While this topic has been written at least 100 times, it’s that time of year to write about it again. Yep, you guessed it, grass tetany (or grass staggers). While researching for this article, I reached out to a cattleman, a beef nutritionist, and a veterinarian to get more information from those with firsthand experience dealing with grass tetany. From the conversations with each individual, it seems that grass tetany is actually rare. For example, Dr. Tom Roskos is a large animal vet in Wisconsin. From his 40 years of experience, he’s seen roughly a dozen cases of grass tetany on a whole herd basis. All of this is surprising considering the number of articles and sources written specifically on grass tetany. So, jumping on the bandwagon here’s more information on what magnesium does in the body and grass tetany.

What is Grass Tetany?

As a reminder, grass tetany is when a ruminant (cow, sheep, or goat) has low magnesium in its body (hypomagnesemia). This happens because there is not enough magnesium in the diet due to the high potassium intake found in lush green forages in the early spring. The high potassium levels block magnesium absorption. Magnesium is absorbed in the rumen, meaning the magnesium in the feed is directly absorbed for use in the body. Magnesium is needed in various metabolic processes. However, stored magnesium is difficult for the animal to use because it is in the bones and teeth, which makes it difficult to mobilize. This is why it’s important to offer a high magnesium mineral in your mineral program in early spring.

What does magnesium do?

Magnesium is important for nerve and muscle function. So not enough magnesium causes an animal to lose control of muscles, most notably the neck muscles. Signs of grass tetany are restlessness, nervousness, decreased feed intake, muscle spasms, convulsions, and difficulty breathing. Livestock suffering from grass tetany are unable to move their neck when down and have rapid eye movement. Livestock that died from grass tetany show signs of thrashing before death.

Who is most susceptible?

Early lactation cows, sheep, and goats. This is because of the loss of magnesium in milk during lactation. Stocker cattle have little to no risk of grass tetany.

When to worry about Grass Tetany?

Grass tetany is most common when grazing fast-growing pastures, typically in late winter and early spring when forages are growing quickly. Young, lush grasses after a lot of moisture (rain or snow) have less magnesium availability. There is also a higher concern for grass tetany when grazing small grains and fescue. Immature plants have less available magnesium. So, try to avoid grazing new grasses until they’re 4-6 in tall. When the conditions are right, grass tetany can happen a lot more. The Midwest has the type of springs where there’s a lot of moisture and in the cool season, grasses shoot up, increasing chances for grass tetany.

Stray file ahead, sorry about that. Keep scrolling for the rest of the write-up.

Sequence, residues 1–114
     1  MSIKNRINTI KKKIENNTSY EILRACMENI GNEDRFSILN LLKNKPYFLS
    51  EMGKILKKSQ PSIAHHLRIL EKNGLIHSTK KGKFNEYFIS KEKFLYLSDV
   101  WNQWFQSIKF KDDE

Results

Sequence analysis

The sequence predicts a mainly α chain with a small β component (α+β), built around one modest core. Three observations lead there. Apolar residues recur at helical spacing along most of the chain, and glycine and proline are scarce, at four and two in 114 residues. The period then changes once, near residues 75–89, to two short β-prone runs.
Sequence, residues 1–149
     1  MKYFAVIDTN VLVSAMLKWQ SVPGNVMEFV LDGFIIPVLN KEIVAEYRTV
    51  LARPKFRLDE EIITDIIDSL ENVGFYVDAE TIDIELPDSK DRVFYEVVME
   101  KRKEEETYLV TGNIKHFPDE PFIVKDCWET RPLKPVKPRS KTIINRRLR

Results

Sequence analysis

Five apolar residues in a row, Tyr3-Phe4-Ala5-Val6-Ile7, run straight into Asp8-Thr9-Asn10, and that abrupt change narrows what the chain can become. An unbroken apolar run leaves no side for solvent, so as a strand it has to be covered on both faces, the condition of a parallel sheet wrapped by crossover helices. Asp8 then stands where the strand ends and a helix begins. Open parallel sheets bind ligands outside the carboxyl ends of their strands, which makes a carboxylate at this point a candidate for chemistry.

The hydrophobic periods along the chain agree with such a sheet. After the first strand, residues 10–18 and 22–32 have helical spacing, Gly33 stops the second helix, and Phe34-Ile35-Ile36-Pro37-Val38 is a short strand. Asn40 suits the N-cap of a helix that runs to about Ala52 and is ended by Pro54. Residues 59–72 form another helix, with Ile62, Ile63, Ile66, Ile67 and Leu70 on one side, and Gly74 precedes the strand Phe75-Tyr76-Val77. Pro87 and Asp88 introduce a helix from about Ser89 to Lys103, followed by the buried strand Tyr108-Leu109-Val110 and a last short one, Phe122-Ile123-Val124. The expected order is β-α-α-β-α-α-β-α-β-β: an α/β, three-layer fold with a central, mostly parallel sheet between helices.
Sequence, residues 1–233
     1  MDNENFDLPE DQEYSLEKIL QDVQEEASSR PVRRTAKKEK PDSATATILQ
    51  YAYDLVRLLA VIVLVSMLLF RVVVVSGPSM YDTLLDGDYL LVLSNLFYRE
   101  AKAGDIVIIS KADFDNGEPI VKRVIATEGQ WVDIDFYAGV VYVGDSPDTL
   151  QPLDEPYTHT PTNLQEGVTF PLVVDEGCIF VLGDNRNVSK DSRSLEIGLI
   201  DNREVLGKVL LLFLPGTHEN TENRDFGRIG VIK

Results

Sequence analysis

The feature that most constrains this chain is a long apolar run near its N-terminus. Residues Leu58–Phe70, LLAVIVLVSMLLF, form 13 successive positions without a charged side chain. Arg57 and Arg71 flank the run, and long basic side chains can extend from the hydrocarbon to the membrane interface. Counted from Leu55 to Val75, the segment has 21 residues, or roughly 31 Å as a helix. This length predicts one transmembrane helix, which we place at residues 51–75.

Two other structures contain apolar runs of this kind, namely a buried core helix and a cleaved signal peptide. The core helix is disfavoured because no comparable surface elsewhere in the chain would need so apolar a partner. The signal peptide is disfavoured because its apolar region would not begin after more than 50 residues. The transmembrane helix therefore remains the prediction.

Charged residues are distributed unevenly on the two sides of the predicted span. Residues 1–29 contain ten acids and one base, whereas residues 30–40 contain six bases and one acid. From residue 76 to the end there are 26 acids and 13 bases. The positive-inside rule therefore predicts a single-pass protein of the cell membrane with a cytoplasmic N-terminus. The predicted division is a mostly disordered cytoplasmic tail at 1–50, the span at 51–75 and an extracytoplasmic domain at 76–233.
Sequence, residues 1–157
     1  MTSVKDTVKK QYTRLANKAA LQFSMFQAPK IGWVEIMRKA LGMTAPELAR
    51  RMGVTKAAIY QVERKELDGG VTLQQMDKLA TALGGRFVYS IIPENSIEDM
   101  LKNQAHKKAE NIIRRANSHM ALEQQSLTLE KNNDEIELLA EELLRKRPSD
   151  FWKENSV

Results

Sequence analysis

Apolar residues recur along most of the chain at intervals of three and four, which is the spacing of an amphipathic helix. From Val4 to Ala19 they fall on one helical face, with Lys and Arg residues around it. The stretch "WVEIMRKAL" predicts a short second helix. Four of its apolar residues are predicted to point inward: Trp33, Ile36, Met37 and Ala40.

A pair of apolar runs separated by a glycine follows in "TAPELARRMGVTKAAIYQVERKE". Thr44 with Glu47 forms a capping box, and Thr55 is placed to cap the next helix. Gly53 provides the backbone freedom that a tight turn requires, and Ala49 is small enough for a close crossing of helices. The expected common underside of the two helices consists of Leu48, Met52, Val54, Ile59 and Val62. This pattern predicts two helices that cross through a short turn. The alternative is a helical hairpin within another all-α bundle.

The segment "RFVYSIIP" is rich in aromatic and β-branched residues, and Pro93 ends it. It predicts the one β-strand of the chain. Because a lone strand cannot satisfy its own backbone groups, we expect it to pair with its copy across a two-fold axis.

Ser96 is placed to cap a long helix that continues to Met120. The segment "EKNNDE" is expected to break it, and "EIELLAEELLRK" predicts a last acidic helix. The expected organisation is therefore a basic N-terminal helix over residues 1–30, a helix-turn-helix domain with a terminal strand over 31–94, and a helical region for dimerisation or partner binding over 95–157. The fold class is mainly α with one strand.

How do we prevent it?

There are a few ways. 1) By offering more magnesium in the diet in the form of a high magnesium mineral like Vigortone’s 3V5SMG during early spring grazing. 2) Legumes are naturally higher in magnesium compared to grasses, so adding alfalfa and clovers to your pasture mix would be beneficial. 3) Avoid grazing until grasses are 4-6 inches tall. Younger plants have higher levels of potassium and less magnesium available. The combination will lead to less circulating magnesium for the animal. 4) Pastures that are overfertilized with nitrogen and potassium will lead to a decrease in the plant’s available magnesium. High potassium and nitrogen decrease magnesium absorption and/or utilization. The mineral wheel is a chart that shows how all the different minerals an animal needs are related to each other. Some minerals have synergistic relationships (they work together), and some have antagonistic relationships (work against each other). For example, potassium and magnesium have an antagonistic relationship meaning too much potassium in the diet will limit magnesium. Grass tetany is more likely to occur when grazing pastures that are over-fertilized with nitrogen and potassium because they reduce the plant’s magnesium availability to the animal.

Circling back to how surprising it was to hear that grass tetany is not very common. It makes me wonder why. Is it because we do such a good job at offering a high magnesium mineral when needed? Or are the pastures fertilized just so that magnesium is always available? Or are the growing conditions in the southeast not conducive for grass tetany? I’m not sure but put out a high magnesium mineral just to be safe.


“Preventing Grass Tetany in the Lactating Beef Cow This Spring”. UNL Beef. Accessed 9 Mar. 2023.

Arnold, Michelle & Lehmkuhler, Jeff. “Grass Tetany/ Hypomagnesemia – Start Preventative Measures Now” www.feedlotmagazine.com. Accessed 9 Mar. 2023.

National Academies Of Sciences, Engineering, And Medicine (U.S.). Committee On Nutrient Requirements Of Beef Cattle. (2016). Nutrient Requirements of Beef Cattle. Washington, Dc: National Academies Press.

Photo from: